Indian Council of Agricultural Research

The Indian Council of Agricultural Research (ICAR) is an autonomous body responsible for co-ordinating agricultural education and research in India. It reports to the Department of Agricultural Research and Education, Ministry of Agriculture. The Union Minister of Agriculture serves as its president. It is the largest network of agricultural research and education institutes in the world.

Hydari, in the position of joint secretary to the delegation from the Indian States first and later as Adviser to the delegation from Hyderabad State led by his father, visited London for the Round Table Conferences. [5] Speaking at the second Conference on the State's behalf, he called for "work[ing] in harmony ... for the Greater and United India". [6] On the discussions that followed the second Conference, he was a member of the Federal Finance Committee and the Consultative Committee. [7]

Hyderabad State princely state

Hyderabad State, also known as Hyderabad Deccan, was an Indian princely state located in the south-central region of India with its capital at the city of Hyderabad. It is now divided into Telangana state, Hyderabad-Karnataka region of Karnataka and Marathwada region of Maharashtra.

London Capital of the United Kingdom

London is the capital and largest city of both England and the United Kingdom. Standing on the River Thames in the south-east of England, at the head of its 50-mile (80 km) estuary leading to the North Sea, London has been a major settlement for two millennia. Londinium was founded by the Romans. The City of London, London's ancient core − an area of just 1.12 square miles (2.9 km2) and colloquially known as the Square Mile − retains boundaries that follow closely its medieval limits. The City of Westminster is also an Inner London borough holding city status. Greater London is governed by the Mayor of London and the London Assembly.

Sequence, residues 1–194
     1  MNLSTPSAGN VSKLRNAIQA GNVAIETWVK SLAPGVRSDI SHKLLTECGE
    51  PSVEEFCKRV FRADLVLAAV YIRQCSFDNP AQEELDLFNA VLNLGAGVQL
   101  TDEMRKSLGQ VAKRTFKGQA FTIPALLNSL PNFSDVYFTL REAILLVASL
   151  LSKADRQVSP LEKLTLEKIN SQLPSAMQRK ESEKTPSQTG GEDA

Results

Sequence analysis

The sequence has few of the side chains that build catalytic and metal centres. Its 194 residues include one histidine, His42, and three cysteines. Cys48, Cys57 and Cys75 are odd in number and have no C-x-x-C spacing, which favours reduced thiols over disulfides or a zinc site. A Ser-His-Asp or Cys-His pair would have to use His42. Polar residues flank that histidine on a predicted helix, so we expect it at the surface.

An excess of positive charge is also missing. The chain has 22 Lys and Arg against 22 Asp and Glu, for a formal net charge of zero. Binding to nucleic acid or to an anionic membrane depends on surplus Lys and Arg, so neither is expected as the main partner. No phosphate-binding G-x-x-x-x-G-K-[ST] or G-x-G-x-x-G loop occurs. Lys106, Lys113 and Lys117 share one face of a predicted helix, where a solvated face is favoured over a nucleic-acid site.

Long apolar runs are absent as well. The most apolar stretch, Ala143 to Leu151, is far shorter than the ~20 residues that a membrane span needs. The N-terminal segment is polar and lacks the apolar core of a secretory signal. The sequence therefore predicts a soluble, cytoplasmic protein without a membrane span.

The three Round Table Conferences of 1930–32 were a series of peace conferences organized by the British Government and Indian national congress was participant to discuss constitutional reforms in India. These started in November 1930 and ended in December 1932. They were conducted as per the recommendation of Jinnah to Viceroy Lord Irwin and Prime Minister Ramsay MacDonald, and by the report submitted by the Simon Commission in May 1930. Demands for Swaraj, or self-rule, in India had been growing increasingly strong. Mohammad Ali Jinnah, Mahatma Gandhi, Sir Tej Bahadur Sapru, Srinivasa, Sir Muhammad Zafrulla Khan and Mirabehn are key participants from India. By the 1930s, many British politicians believed that India needed to move towards dominion status. However, there were significant disagreements between the Indian and the British political parties that the Conferences would not resolve. The key topic was about constitution and India which was mainly discussed in that conference.There were three Round Table Conferences,(1930-1932).

Subsequently, Hydari returned to the Department of Education, Health and Lands as its joint secretary and then served as secretary of the Labour Department. During the early stages of World War II, he represented India on the Eastern Group Supply Council, a body set up to co-ordinate the build-up of supplies in the British colonies and dominions east of Suez. He was then placed on special duty in the Foreign Affairs Department. In 1945, he was appointed a member of the Viceroy's Executive Council and was given the charge of Information and Broadcasting Department. [8] [9] [10]

World War II 1939–1945 global war